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The Extension office provides assistance and programs for the community without discrimination in five main areas: Agriculture, Horticulture, Family & Consumer Science, Natural Resources and 4-H Youth Programs.

Xeric Gardening, Water Law & Bathtubs — Oh My!

By Heather Whitney-Williams, Boulder County Master Gardener

So, you are interested in xeric gardening — welcome! This is the beginning of an ongoing series to introduce beautiful xeric plants and their immense benefits to Colorado gardens, their gardening quirks, and the philosophy behind the xeric gardening movement in western states.

What does “xeric” mean? “A habitat containing little moisture; very dry.” Xeric plants need a fraction of the water that other plants need, and that is because they evolved in the arid West and other arid climates around the world. Denver Water coined the term “xeric plants” in 1981 to classify plant species that evolved with drought; it also coined the term “xeriscaping,” which is landscaping, or gardening, that reduces the need for supplemental water from irrigation. Other industry terms are “water-conserving,” “drought-tolerant,” “drought-resistant,” and “smart-scaping.” The emphasis is placed on local indigenous plants rather than imported “thirsty” plants, and planting zone and microclimate are important factors in plant placement.

Why is xeric gardening becoming such a “hot” gardening trend in the West? It is probably a confluence of factors, most notably increasing temperatures from global warming, economic instability, and the steady migration of people to arid western states. All of these in tandem put pressure on our water supply. Water use has been front and center in Colorado since the 1860s due to very important water law principles called Prior Appropriation and the Colorado Doctrine. These distinguished the western water law framework from eastern Riparian Law, found in wetter climates east of the one-hundredth meridian. In short, in the West, including Colorado, water must be for a beneficial use by public agencies, private persons, and entities as a portion of the public’s water supply, and the water can be diverted or extracted to transport and use. The law gets much more complicated, but the gist is that water is in such short supply that the “first in time, first in right,” or the early bird gets the worm, so to speak.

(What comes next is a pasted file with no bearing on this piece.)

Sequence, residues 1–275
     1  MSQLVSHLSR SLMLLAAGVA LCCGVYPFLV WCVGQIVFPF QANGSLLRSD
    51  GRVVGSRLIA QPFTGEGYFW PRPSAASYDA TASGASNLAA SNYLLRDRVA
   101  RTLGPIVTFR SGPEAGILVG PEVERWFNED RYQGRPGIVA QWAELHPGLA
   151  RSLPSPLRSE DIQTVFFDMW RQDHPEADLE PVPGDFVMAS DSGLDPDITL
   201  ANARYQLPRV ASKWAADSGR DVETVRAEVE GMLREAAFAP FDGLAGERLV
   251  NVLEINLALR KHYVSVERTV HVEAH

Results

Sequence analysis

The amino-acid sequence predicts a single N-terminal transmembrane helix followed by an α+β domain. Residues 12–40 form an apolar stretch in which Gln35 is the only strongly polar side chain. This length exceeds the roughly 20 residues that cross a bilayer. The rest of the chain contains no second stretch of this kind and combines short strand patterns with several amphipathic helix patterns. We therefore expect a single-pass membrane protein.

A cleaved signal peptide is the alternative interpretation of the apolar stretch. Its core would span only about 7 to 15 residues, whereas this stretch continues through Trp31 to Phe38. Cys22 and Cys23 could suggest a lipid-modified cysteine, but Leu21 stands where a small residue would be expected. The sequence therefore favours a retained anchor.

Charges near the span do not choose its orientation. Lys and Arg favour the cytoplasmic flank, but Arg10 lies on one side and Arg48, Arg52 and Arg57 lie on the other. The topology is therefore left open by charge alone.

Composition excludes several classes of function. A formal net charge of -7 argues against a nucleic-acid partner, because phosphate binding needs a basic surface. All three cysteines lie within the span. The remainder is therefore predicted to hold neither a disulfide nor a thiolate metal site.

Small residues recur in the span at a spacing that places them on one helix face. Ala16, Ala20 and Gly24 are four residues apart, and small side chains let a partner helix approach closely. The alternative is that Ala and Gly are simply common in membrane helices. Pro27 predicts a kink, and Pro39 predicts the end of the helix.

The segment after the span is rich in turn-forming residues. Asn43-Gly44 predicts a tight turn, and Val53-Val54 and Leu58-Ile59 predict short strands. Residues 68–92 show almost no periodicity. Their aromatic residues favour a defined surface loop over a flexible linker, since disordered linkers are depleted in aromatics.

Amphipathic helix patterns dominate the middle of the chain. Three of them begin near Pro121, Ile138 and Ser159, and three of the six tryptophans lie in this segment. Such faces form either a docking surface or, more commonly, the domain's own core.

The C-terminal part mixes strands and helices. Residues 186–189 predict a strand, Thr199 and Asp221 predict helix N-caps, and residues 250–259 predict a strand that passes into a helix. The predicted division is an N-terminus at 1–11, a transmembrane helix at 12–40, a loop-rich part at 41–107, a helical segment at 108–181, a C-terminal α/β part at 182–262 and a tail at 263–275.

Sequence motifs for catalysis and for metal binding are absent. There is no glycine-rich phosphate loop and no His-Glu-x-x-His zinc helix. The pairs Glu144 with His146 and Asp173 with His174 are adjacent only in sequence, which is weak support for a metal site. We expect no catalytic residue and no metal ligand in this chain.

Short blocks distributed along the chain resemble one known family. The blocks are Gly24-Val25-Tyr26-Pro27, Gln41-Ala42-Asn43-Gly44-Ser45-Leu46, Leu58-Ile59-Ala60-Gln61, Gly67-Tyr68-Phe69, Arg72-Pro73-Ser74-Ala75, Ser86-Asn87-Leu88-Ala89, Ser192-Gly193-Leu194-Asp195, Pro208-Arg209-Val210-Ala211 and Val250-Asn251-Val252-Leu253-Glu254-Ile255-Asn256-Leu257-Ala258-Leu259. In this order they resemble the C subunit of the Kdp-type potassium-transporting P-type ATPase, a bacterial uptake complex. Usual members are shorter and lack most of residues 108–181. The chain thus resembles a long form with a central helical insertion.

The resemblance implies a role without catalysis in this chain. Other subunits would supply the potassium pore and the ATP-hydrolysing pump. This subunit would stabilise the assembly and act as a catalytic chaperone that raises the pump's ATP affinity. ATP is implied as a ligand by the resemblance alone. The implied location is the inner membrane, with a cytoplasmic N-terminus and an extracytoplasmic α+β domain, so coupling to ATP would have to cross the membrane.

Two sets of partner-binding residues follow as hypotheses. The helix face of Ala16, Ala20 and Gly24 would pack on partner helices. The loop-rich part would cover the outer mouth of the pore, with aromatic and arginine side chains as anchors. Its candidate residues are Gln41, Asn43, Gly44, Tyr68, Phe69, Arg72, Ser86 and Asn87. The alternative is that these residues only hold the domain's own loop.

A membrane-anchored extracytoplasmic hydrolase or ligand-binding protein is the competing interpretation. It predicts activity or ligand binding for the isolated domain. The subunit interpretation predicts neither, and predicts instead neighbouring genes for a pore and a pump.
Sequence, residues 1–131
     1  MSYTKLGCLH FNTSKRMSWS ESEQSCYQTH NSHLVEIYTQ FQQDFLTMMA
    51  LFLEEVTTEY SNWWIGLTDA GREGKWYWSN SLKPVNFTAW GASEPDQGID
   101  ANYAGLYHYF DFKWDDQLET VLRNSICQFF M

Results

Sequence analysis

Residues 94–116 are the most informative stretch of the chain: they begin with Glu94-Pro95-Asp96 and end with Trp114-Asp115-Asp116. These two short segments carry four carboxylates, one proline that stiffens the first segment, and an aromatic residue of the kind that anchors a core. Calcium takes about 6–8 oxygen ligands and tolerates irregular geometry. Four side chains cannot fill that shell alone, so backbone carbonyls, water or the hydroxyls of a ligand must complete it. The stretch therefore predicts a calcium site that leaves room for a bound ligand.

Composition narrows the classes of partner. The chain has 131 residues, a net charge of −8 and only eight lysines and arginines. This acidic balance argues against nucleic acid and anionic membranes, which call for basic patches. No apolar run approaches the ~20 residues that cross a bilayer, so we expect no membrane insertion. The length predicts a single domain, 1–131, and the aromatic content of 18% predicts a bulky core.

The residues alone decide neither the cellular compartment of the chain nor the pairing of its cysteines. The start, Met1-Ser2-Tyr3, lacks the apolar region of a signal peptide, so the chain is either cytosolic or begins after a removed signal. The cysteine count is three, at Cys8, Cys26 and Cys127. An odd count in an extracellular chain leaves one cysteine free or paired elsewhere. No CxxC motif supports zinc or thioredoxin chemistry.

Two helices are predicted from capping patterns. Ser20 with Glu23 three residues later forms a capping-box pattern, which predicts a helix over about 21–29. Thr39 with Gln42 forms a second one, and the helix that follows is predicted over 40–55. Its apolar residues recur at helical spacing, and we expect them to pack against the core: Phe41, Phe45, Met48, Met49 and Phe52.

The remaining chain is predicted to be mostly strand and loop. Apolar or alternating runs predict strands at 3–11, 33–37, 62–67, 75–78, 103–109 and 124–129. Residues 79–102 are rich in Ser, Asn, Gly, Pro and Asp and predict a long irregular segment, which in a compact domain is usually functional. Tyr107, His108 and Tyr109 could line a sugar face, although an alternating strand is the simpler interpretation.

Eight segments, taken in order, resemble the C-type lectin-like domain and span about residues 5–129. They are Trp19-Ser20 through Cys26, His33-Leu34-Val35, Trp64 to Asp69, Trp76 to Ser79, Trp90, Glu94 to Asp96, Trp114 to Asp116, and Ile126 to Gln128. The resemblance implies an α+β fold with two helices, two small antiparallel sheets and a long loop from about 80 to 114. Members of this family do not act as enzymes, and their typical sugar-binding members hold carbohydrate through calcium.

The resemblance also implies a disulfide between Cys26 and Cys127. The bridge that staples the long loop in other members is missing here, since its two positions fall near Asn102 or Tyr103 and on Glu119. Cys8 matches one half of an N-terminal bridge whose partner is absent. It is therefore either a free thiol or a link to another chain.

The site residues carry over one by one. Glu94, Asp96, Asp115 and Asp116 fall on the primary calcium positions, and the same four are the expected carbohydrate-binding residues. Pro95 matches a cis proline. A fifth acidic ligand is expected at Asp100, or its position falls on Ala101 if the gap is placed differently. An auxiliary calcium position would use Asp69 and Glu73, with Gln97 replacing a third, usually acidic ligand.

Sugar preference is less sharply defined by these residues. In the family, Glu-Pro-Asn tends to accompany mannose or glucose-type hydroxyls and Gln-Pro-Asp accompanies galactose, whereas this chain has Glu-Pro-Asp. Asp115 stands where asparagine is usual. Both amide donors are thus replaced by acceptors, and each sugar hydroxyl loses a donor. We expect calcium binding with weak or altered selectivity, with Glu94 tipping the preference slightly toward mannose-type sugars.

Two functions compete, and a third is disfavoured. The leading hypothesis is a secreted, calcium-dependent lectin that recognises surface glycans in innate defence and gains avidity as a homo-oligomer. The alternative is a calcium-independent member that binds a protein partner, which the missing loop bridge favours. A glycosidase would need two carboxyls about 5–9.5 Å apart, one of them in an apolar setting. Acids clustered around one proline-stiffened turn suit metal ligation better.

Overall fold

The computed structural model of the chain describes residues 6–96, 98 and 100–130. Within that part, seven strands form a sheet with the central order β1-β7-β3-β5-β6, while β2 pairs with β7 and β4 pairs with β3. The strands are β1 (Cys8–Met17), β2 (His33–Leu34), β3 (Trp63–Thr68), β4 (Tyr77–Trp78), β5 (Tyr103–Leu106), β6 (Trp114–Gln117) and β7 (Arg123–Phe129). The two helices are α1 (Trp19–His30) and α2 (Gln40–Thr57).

It follows that in arid Colorado, water isn’t limitless. It isn’t beyond the realm of possibility that the Front Range will eventually have to ration water, as the population is expected to increase by over a million people in the next 20 years. Since it takes roughly 80-100 bathtubs of water to irrigate an average lawn once a week, and over 50 percent of the Front Range water supply is used to irrigate lawns, we have to start thinking of ways to conserve our water. Gardening and landscaping with xeric plants is a start.  

Keeping ahead of COVID-19

This rapidly evolving coronavirus (COVID-19) has imposed an unsettling, fluid situation upon our community and its businesses. While the team here still aims to maintain a “business as usual” approach, we are making a number of significant changes to our operations to account for a situation that is far from normal.